Friday, May 1, 2009
Chronicles of Riddick: Assault on Dark Athena (360)
While a good 95% of games based on movies (and vice versa) are terrible, 2004's Chronicles of Riddick: Escape From Butcher Bay turned out to be a great exception to the rule. This was made even more surprising considering that the Riddick movies aren't exactly great cinema. Source material aside, the prison environment, stealth aspects, and visceral melee combat made it a blast to play through. 2009's Assault on Dark Athena features the entire Butcher Bay game, along with a new chapter. It looks sharper than ever, and Butcher Bay is still a unique experience, but the new addition doesn't offer up the same thrills. It strays too far from the stealth-and-melee roots of the original, and at times resembles a generic shooter. Athena Bay may be a disappointment, but the new multiplayer modes offer a few thrills. The best is certainly Pitch Black, which features one player as Riddick and the rest as guards with flashlights. You'll have a distinct advantage playing as Riddick thanks to his ability to see in the dark, and it's genuinely scary to play as the guards. It may be nice to go back to Butcher Bay and try out the new multiplayer, but the full package doesn't offer up enough intriguing new material.
New Play Control - Mario Power Tennis and Pikmin (Wii)
When I first played Wii Sports Tennis, I couldn't help but think about the possibilities for a new installment of Mario Tennis. I assumed the ability to control your player's movements would make it more intriguing, but New Play Control Mario Power Tennis wasn't exactly what I had in mind. Rather than a new game built from the ground up for the Wii, they simply mapped some motion controls onto the Gamecube game. Power shots are dumbed-down and the overall experience doesn't even match the simplistic Wii Sports Tennis. The New Play Control version of Pikmin works a little better, as ordering your plant creatures around actually feels pretty natural with the Wii remote, and the game still has an undeniable charm. These were both solid games back on the Gamecube, which makes me hope for true sequels rather than re-releases with motion controls shoehorned in.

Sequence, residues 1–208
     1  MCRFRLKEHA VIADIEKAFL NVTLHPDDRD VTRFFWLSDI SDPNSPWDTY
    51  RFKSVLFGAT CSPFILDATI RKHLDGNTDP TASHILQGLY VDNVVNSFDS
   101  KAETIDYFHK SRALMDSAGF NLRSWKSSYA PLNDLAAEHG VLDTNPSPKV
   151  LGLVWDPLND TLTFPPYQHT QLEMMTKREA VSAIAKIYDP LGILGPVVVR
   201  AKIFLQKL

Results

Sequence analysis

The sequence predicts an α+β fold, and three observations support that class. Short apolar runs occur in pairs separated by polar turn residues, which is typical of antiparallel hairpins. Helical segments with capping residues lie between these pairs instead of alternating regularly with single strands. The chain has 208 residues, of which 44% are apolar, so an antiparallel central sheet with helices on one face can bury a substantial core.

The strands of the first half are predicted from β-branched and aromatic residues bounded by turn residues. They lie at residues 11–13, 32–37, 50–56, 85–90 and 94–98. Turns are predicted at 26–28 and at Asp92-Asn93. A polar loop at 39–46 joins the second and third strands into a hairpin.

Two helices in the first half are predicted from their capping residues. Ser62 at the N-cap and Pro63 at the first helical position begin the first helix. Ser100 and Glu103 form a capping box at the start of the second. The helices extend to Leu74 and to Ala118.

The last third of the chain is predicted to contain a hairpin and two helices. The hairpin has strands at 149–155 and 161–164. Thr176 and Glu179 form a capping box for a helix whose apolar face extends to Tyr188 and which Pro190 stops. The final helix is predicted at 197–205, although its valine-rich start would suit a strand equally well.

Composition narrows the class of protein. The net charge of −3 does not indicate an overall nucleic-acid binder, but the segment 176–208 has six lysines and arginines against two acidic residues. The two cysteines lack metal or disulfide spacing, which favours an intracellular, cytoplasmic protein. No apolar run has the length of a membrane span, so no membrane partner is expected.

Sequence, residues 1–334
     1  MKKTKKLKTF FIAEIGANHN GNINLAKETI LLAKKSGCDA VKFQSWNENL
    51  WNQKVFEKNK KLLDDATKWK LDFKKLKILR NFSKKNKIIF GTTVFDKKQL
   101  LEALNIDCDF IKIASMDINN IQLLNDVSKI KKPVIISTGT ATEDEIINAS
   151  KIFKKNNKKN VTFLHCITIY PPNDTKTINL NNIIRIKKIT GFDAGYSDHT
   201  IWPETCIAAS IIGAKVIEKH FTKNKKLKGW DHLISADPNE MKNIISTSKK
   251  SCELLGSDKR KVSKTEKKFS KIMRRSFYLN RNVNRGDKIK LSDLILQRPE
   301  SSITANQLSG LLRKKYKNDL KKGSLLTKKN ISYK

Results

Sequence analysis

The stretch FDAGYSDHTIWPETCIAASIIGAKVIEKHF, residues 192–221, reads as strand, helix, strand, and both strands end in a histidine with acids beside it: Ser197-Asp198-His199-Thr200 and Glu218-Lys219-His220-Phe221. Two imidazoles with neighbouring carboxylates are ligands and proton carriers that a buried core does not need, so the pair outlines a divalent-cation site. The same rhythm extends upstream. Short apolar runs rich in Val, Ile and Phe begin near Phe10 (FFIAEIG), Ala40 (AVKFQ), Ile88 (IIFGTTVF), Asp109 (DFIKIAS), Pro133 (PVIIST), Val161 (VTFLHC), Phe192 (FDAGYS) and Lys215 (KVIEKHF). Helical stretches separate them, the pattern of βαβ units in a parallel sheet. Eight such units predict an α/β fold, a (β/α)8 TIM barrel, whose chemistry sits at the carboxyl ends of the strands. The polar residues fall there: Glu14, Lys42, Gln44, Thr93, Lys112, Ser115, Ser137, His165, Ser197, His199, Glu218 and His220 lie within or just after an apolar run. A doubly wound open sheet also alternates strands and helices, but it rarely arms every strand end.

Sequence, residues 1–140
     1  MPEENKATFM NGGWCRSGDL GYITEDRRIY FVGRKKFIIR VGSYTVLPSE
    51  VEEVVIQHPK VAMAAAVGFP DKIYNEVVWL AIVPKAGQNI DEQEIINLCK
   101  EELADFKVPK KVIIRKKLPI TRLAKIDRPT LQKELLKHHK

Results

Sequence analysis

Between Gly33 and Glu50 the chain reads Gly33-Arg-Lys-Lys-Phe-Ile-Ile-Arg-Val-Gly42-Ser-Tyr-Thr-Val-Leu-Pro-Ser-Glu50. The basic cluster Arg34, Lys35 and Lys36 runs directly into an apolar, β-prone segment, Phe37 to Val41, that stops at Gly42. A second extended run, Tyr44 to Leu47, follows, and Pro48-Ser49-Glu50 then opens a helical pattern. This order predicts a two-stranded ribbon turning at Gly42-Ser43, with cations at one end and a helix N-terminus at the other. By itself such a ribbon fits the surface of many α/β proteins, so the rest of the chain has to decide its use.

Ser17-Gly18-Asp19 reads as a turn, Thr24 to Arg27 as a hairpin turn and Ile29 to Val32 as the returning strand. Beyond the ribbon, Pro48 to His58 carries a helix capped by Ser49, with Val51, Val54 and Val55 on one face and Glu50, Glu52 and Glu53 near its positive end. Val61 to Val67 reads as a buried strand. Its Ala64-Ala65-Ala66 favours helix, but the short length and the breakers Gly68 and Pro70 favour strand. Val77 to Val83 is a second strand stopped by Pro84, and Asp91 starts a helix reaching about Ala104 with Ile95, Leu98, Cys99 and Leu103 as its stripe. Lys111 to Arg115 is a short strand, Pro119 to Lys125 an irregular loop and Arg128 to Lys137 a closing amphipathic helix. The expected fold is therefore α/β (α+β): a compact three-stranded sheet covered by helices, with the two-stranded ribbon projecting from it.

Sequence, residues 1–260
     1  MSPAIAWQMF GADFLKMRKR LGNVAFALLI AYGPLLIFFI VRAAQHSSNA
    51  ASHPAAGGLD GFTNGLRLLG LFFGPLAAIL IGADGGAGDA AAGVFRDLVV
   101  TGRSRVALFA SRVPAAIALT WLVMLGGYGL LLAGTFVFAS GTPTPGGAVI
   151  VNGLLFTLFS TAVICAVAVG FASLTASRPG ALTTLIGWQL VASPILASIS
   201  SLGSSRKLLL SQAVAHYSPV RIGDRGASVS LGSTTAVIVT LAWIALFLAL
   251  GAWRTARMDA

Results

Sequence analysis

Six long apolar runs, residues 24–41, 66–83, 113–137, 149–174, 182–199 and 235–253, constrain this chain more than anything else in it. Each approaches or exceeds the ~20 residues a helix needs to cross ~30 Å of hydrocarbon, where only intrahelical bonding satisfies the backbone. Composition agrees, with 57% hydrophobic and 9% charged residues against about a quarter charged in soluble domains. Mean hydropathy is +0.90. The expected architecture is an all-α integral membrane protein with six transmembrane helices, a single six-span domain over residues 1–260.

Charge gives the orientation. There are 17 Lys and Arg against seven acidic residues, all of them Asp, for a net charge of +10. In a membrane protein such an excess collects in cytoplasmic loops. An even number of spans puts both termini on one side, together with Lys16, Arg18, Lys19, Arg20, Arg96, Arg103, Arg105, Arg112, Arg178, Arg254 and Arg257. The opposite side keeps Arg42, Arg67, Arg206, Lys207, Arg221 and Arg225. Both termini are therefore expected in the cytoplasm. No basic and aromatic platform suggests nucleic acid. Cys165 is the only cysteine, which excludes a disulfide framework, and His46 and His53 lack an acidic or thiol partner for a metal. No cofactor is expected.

Overall: 6.5 (Mario Power Tennis) and 7.5 (Pikmin)
Dynasty Warriors Gundam 2 (360, PS2)
While every gamer I've ever talked to seems to despise the Dynasty Warriors franchise, there's obviously a market somewhere for it. Otherwise, we wouldn't have 90 installments of Dynasty Warriors, Samurai Warriors, their Xtreme and Orochi installments, and now Dynasty Warriors Gundam. Shockingly, this latest installment is exactly like the others, only a little worse. The space and mech aspects do absolutely nothing to differentiate the gameplay from previous games in the series, and it's actually less interesting than the plains of the core series. If you're a hardcore Dynasty Warriors or Gundam fan, go ahead and give this one a try. Anyone else should steer clear unless they like mashing the X button for hours on end.
Ninja Blade (360)
Ninja Blade is one of those titles that wears its influences on its sleeve. The most obvious is Ninja Gaiden, as all of the core gameplay directly resembles the Tecmo series. However, you'll quickly realize that Ninja Blade has more of a quicktime event obsession than virtually any game ever released. This means you'll have plenty of God of War moments where you're methodically taking a boss apart in a semi-interactive, cinematic fashion. It's also full of absolutely absurd cutscenes featuring your character surfing on a rocket, riding a wrecking ball, and destroying a giant crab while you're on a motorcycle. It takes great joy in how ridiculous it all is, and some of it is actually pretty entertaining. However, the framerate drops severely at points and the frequency of the quicktime events gets old very quick. Despite its unoriginality and repetitive nature, there's enough entertaining moments to warrant a rental for action fans.